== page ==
In spite of international laws and Cambodia’s own legal code, pre-trial detention is becoming more prevalent among child offenders than adults, according to data compiled by a trial monitoring project.
Imprisoning offenders under the age of 18 should only be an absolute last resort in the most exceptional cases, according to child rights conventions. Yet 87 per cent of the Kingdom’s juveniles are being locked up in pre-trial detention, briefing notes published Sunday by the Cambodian Center for Human Rights said.
The notes are compiled from trial monitoring of 2,558 cases from 2009 to 2012. In the most recent monitoring period in 2012, almost 92 per cent of the juvenile offenders were held in pre-trial detention compared to 71 per cent of the adults.
“The fact that pre-trial detention is the norm for the overwhelming majority of juvenile defendants represents a huge blow to the presumption of innocence and right to liberty,” the briefing said.
And while Cambodian law emphasises that alternatives to prison should be considered in sentencing children, only a single one of the monitored cases involved a judge willing to propose an option apart from incarceration.
“In principle, the law considers juveniles differently, but in practice we lack mechanisms and specific legal guidance on how to separate adults and children,” said Touch Chiva, project coordinator at Legal Aid of Cambodia.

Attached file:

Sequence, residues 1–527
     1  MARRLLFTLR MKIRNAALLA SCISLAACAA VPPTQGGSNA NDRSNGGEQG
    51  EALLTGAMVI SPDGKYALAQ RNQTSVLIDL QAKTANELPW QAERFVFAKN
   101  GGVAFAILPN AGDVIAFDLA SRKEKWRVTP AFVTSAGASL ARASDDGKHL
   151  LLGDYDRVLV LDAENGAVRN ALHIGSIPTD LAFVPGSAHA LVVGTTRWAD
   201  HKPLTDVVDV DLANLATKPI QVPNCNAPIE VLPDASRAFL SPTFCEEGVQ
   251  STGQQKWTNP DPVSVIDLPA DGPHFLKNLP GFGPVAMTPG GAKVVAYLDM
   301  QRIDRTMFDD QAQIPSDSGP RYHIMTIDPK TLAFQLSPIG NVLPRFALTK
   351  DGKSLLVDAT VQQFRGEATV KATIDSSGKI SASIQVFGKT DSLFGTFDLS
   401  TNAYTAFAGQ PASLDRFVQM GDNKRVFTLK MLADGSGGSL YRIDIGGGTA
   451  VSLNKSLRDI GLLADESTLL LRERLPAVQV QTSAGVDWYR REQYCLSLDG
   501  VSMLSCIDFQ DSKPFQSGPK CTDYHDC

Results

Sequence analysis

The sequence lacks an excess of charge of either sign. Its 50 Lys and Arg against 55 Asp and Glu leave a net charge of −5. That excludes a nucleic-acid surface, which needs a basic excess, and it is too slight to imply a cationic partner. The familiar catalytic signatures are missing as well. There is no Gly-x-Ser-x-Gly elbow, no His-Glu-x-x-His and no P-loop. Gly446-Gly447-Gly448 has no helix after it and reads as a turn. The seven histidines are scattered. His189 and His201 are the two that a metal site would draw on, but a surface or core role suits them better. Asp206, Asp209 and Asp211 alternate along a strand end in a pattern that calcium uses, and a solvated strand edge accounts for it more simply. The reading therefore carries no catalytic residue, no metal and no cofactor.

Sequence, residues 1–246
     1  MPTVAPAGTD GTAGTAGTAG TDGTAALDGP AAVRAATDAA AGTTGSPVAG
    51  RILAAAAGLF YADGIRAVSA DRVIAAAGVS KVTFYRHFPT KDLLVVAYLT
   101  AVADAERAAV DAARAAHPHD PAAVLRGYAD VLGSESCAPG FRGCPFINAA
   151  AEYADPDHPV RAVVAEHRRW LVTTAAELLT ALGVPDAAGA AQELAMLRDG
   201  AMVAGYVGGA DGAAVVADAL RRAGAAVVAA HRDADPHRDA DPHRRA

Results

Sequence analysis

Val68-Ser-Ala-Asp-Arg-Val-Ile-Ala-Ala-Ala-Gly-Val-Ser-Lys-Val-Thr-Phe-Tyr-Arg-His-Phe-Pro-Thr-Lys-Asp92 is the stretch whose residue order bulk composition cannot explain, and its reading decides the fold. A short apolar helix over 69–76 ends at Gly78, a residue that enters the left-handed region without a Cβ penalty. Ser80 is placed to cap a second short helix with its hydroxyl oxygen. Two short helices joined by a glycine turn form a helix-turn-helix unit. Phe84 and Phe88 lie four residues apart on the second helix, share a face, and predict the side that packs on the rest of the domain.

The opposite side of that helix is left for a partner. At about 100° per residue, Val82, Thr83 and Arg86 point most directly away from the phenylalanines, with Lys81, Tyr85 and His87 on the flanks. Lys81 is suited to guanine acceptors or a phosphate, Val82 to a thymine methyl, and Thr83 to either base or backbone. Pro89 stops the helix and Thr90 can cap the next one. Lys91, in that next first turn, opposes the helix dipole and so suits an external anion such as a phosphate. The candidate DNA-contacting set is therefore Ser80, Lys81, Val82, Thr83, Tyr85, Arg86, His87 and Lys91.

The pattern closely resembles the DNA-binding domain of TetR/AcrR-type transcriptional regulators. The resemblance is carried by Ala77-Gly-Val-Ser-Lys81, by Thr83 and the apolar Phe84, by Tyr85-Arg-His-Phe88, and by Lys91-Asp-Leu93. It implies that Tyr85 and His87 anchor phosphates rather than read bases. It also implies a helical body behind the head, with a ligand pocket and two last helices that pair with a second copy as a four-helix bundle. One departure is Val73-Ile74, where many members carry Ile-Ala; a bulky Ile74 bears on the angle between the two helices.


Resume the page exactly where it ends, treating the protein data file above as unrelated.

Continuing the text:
Eight of the minors Legal Aid is currently working with are being held under pre-trial detention, according to Chiva. He could only recall a small handful of cases in which an article of the criminal code suggesting minors be educated or put under the surveillance of the court had been applied.
“We just don’t have the facilities or the precedent,” he said.
In absence of a separate juvenile justice system or any juvenile-specific detention facilities, children tried and prosecuted under adult laws are also locked up in the same prisons and, in most cases, the same cells as adults.
“It is absolutely inappropriate to lock up children with adult criminals,” said Ly Vichuta, executive director of Legal Support for Children and Women. “It exposes them to more crime and violence, puts their rehabilitation at risk and threatens their development.”
A draft juvenile justice law has been in the works for over a decade, and Sunday’s briefing note called for its expedient passage. But skeptics aren’t expecting the draft to see light in the National Assembly anytime soon, or for it to make any quick overhauls to the long-entrenched system.
“The government lacks political will for this reform.…But until they [implement it] children are suffering the consequences,” Chiva said.